Subject: Please find attached a XLS Invoice 378296
From: email@example.com (firstname.lastname@example.org)
Date: Tuesday, 29 November 2016, 10:32
The original message was not completely plain text, and may be unsafe to
open with some email clients; in particular, it may contain a virus,
or confirm that your address can receive spam. If you wish to view
it, it may be safer to save it to a file and open it with an editor.
Please find attached your Invoice for Goods/Services recently delivered. If you have any questions, then pleasedo not hesitate in contacting us.Karen Lightfoot -Credit Controller, Ansell Lighting, Unit 6B, Stonecross Industrial Park, Yew Tree Way, WA3 3JD. Tel: +44 (0)5216 154 830 Fax: +44 (0)5216 154 830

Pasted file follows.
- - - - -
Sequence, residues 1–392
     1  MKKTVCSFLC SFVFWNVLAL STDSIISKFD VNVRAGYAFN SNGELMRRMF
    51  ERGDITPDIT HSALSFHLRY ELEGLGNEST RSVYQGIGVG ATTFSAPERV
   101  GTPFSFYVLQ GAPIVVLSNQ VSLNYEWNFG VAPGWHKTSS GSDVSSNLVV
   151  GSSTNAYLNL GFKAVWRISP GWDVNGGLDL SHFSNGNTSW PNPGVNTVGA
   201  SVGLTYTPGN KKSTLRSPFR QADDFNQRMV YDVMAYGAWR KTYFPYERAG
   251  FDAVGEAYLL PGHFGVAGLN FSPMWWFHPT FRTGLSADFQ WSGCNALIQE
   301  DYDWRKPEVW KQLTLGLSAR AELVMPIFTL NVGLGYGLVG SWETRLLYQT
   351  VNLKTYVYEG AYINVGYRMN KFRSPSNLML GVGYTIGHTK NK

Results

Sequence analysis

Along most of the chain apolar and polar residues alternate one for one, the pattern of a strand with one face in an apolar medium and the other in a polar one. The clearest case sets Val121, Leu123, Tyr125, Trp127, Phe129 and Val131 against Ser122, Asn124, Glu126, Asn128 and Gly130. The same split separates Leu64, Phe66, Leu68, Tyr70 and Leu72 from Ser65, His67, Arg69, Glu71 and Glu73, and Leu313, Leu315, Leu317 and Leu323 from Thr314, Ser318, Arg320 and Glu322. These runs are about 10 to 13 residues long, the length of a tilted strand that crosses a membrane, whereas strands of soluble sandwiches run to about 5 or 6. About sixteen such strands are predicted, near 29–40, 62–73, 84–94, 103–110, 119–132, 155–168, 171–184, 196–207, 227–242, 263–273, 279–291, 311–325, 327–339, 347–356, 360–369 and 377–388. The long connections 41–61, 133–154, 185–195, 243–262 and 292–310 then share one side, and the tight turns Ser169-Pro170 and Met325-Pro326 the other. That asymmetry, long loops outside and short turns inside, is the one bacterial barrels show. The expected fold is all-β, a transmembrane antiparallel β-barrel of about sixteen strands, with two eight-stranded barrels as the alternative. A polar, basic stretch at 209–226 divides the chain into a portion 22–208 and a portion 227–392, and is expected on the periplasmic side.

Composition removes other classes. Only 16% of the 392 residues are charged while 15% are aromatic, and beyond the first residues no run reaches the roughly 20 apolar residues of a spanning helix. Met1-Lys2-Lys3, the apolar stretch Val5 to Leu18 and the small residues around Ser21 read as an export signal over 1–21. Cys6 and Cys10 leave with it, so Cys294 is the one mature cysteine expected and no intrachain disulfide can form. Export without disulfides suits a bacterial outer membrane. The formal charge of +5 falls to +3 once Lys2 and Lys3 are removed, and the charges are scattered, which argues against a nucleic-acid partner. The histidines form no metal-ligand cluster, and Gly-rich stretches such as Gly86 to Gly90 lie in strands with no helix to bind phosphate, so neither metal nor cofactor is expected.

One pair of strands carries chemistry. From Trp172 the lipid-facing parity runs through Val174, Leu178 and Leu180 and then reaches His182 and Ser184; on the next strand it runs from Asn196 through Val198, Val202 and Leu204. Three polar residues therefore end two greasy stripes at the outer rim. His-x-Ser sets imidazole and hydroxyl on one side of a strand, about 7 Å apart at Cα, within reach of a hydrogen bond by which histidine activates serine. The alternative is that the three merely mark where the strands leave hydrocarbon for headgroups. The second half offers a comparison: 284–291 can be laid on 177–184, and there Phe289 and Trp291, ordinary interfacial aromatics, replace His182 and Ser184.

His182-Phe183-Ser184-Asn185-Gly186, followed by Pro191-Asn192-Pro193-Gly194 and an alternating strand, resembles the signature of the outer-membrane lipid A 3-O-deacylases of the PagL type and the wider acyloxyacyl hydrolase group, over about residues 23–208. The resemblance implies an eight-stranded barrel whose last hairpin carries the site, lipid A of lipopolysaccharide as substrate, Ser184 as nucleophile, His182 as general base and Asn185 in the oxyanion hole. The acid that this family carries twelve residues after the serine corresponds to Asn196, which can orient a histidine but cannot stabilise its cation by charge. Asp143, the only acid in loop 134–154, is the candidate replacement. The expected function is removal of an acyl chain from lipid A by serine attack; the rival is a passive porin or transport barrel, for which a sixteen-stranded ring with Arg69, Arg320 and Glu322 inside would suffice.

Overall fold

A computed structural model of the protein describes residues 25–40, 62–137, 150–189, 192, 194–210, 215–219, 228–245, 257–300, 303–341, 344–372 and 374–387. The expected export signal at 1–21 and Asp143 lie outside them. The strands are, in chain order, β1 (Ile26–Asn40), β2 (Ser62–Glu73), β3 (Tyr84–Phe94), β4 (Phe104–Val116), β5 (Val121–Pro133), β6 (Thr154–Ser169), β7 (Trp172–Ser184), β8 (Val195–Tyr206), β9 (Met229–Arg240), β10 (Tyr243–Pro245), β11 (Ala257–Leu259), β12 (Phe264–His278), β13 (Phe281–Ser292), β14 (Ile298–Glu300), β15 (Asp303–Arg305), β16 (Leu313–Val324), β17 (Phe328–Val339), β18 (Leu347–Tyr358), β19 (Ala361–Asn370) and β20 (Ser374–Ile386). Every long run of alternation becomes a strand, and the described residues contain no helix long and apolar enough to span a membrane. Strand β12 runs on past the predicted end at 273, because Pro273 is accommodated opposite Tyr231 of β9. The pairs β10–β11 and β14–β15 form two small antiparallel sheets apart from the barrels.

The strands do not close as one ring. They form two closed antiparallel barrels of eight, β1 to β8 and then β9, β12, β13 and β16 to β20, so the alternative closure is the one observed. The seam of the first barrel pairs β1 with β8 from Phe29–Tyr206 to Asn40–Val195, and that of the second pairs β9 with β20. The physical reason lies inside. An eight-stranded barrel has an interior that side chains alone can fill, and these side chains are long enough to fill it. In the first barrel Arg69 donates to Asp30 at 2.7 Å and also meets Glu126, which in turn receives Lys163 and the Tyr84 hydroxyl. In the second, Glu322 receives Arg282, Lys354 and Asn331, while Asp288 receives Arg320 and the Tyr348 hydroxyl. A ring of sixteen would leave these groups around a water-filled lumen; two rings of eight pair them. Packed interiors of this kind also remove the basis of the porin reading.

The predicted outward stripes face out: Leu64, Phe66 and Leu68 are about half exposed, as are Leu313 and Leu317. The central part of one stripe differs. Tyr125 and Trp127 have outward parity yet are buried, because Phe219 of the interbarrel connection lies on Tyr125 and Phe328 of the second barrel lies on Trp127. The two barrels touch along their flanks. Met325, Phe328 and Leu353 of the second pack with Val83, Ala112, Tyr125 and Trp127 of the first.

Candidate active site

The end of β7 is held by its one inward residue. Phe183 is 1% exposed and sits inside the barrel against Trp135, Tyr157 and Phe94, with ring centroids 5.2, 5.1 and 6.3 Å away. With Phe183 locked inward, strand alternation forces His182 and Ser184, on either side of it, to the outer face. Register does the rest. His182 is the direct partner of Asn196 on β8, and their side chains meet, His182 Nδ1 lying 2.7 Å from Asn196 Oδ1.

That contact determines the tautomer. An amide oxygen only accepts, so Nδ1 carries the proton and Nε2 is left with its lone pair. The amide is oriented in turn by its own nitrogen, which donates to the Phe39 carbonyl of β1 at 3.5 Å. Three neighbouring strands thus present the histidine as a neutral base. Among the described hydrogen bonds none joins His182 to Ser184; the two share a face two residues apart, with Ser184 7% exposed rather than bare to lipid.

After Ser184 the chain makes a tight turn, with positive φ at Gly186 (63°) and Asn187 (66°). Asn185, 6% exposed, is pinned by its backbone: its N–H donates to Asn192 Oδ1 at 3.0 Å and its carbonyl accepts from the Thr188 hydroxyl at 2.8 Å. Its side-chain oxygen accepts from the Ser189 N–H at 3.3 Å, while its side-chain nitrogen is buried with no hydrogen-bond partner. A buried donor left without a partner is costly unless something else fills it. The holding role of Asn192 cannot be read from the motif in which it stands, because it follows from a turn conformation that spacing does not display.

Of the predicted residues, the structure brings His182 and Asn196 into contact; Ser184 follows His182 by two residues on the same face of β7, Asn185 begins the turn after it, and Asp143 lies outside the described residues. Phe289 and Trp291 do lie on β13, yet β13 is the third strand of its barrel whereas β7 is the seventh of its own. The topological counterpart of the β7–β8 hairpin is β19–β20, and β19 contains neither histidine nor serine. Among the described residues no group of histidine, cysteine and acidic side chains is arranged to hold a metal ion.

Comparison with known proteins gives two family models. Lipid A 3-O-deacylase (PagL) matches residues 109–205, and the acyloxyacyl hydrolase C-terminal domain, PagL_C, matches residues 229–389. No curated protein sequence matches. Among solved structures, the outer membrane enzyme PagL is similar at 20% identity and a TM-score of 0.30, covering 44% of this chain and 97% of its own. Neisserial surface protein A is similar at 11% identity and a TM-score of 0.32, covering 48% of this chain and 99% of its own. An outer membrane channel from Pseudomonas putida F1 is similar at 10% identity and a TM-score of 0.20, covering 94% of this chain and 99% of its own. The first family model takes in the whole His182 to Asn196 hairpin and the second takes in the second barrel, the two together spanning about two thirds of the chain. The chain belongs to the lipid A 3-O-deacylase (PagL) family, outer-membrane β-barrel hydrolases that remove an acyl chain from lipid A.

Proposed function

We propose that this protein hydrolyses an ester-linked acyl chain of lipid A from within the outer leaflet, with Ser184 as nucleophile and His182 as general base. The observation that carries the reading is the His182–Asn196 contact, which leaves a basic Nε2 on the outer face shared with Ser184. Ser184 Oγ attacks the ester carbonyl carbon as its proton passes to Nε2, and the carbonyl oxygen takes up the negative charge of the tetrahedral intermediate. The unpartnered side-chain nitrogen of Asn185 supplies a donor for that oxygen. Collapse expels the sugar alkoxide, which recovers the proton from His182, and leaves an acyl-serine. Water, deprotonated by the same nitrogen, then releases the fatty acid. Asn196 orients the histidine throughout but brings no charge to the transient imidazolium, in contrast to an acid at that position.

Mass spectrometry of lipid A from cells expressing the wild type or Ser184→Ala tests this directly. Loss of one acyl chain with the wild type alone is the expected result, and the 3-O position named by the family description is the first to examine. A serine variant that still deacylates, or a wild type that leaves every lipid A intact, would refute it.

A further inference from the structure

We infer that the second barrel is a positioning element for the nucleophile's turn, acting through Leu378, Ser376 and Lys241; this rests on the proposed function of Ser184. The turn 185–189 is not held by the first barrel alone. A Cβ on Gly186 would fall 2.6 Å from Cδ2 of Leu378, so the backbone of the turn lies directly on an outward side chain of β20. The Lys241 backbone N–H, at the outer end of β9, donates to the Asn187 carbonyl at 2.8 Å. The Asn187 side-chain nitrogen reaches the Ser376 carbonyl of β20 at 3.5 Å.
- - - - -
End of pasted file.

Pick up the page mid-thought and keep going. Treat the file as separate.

The email comes from a random creditcontrol@something email address. Attached is a malicious Excel file with a name such as INVOICE.TAM_378296_20161129_886C9EAB6.xls.
My usual reliable source says that the various versions of Excel spreadsheet download a component form one of the following locations:
The Hybrid Analysis shows that this is Locky ransomware, phoning home to:
18.104.22.168/information.cgi [hostname: nikita.grachev.81.example.com] (Megaserver LLC, Russia)
22.214.171.124/information.cgi [hostname: sbg.13.vds.abcvg.ovh] (OVH, France)
126.96.36.199/information.cgi (Selectel SPb, Russia)
A DLL is dropped with an MD5 of b46f0fcb0f962f41b5b43725b440dabb and a VirusTotal detection rate of 11/57.